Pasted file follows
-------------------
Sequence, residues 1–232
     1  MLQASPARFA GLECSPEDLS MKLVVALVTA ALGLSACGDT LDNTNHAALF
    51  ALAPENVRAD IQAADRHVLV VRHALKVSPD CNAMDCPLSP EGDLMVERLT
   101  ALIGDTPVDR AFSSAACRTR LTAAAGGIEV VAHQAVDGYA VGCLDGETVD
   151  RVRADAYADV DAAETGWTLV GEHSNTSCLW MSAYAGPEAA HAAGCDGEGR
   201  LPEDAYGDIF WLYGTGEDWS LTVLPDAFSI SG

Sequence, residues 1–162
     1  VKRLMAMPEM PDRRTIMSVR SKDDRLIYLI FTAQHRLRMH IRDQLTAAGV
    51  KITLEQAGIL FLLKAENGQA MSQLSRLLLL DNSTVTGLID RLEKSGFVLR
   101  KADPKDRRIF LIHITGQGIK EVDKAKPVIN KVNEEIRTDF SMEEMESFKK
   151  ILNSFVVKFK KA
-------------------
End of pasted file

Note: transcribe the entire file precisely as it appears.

Sequence, residues 1–232
     1  MLQASPARFA GLECSPEDLS MKLVVALVTA ALGLSACGDT LDNTNHAALF
    51  ALAPENVRAD IQAADRHVLV VRHALKVSPD CNAMDCPLSP EGDLMVERLT
   101  ALIGDTPVDR AFSSAACRTR LTAAAGGIEV VAHQAVDGYA VGCLDGETVD
   151  RVRADAYADV DAAETGWTLV GEHSNTSCLW MSAYAGPEAA HAAGCDGEGR
   201  LPEDAYGDIF WLYGTGEDWS LTVLPDAFSI SG

Sequence, residues 1–162
     1  VKRLMAMPEM PDRRTIMSVR SKDDRLIYLI FTAQHRLRMH IRDQLTAAGV
    51  KITLEQAGIL FLLKAENGQA MSQLSRLLLL DNSTVTGLID RLEKSGFVLR
   101  KADPKDRRIF LIHITGQGIK EVDKAKPVIN KVNEEIRTDF SMEEMESFKK
   151  ILNSFVVKFK KA